Pastor, I love how the Apostle James consistently addresses his audience in his epistle. Eleven times in his five short chapters, Pastor James addresses his congregation as my brothers (sometimes the phrase is even my dear brothers).
The word brothers is always the Greek word adelphos, which means from the same womb. James didn’t elevate himself, nor put down others in the church; he constantly put himself on the same plain. He was saying, “Look, I struggle with what you struggle with—we all have the same issues. I’m not immune to these things because I’m the so-called leader of the Jerusalem church. I have to keep alert and keep on working in these areas too!”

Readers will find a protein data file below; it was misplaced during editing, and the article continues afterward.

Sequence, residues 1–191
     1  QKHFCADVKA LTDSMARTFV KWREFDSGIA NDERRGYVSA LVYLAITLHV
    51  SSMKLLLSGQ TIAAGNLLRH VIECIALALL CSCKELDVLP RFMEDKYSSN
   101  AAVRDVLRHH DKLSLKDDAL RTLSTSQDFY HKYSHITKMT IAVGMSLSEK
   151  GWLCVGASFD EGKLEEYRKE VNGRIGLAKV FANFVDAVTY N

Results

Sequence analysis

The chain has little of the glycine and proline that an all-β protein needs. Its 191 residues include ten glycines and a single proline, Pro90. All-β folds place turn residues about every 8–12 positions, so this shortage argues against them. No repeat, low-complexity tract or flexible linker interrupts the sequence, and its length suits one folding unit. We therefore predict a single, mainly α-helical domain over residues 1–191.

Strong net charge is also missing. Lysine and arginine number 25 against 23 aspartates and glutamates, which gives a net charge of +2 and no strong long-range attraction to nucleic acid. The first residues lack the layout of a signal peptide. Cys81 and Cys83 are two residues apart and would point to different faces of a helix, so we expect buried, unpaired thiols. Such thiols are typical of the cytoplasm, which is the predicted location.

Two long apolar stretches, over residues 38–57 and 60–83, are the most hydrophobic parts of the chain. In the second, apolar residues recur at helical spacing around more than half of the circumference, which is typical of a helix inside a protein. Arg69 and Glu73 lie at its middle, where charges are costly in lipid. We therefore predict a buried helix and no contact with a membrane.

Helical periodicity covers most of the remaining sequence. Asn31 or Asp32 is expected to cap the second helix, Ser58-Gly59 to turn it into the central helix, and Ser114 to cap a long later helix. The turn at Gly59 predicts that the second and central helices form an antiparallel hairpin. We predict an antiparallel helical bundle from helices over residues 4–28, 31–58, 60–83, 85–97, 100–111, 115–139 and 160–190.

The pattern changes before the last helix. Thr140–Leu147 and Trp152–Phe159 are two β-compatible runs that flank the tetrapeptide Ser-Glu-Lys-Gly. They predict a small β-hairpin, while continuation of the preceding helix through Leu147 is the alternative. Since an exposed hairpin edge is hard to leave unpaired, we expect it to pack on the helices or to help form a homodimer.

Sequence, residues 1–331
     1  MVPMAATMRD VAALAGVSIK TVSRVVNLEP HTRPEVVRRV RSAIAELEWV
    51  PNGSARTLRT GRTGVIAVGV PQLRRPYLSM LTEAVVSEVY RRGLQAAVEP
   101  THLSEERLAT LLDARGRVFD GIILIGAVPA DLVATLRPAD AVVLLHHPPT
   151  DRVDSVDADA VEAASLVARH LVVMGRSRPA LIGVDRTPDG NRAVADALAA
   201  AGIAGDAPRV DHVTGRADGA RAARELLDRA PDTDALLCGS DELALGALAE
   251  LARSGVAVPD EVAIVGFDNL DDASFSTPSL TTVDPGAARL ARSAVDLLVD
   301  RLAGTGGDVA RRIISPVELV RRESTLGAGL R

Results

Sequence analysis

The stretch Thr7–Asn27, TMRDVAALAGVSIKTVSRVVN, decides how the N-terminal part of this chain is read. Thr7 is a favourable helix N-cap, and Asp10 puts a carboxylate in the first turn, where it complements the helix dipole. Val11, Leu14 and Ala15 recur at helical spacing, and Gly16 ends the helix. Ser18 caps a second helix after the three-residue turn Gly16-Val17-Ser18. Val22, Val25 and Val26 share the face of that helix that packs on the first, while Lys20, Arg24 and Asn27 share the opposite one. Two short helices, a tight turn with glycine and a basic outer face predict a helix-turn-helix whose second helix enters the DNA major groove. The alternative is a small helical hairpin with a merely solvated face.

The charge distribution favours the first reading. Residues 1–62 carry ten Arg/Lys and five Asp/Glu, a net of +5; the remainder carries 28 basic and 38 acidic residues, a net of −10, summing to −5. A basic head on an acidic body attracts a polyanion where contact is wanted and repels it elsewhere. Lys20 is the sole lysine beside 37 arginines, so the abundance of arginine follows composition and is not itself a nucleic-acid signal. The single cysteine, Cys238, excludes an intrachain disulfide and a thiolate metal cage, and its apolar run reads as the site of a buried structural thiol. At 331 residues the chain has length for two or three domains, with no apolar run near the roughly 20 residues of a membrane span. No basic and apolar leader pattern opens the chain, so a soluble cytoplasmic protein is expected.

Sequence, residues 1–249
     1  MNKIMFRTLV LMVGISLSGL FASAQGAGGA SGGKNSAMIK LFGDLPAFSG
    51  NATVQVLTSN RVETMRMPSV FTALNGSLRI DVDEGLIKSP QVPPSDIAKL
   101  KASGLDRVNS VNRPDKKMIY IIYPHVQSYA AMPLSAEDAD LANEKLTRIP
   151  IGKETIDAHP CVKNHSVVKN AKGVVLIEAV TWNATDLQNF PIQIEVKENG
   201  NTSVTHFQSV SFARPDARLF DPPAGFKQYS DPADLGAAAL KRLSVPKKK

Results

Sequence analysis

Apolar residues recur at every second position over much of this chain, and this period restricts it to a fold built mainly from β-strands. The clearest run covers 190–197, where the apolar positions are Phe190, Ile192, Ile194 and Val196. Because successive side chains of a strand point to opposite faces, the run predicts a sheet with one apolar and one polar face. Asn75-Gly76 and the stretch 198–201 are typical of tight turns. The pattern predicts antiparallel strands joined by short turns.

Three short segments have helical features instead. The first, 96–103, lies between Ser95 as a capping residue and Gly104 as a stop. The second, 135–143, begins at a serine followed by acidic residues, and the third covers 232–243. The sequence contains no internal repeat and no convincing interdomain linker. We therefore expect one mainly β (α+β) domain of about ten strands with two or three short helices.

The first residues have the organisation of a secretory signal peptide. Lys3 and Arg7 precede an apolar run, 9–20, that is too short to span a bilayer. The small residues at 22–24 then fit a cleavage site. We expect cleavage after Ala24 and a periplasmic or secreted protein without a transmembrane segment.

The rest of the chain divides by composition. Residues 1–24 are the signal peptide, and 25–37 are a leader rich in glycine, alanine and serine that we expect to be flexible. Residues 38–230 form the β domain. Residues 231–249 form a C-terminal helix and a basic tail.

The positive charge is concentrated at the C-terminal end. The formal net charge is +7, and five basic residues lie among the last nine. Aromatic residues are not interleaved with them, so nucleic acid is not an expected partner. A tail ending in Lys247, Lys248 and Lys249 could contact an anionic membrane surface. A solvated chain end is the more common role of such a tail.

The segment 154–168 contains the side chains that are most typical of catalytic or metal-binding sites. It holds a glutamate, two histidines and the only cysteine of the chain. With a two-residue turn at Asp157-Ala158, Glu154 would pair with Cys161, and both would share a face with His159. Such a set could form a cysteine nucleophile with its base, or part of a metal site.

Sometimes James adds the adjective dear (or as the KJV says, beloved). This word is from the root word which means to be fond of someone, to love dearly, or to be well pleased. James, in essence, is saying, “I like you! You’re not just someone that goes to church with me, but you’re a dear friend.”
As the adage goes—People don’t care how much you know until they know how much you care. So almost every point James covers in this epistle is introduced by the my brothers tag. It’s his way of reminding them, “I’m sharing this with you because I really like you, and I want us to grow closer to God together.”
Wow! What a great example for me as a pastor. I’m not immune to struggles. I’m not in a separate category. I’m in this with my dear brothers and sisters, and I want us to all overcome and grow in our level of intimacy with God together.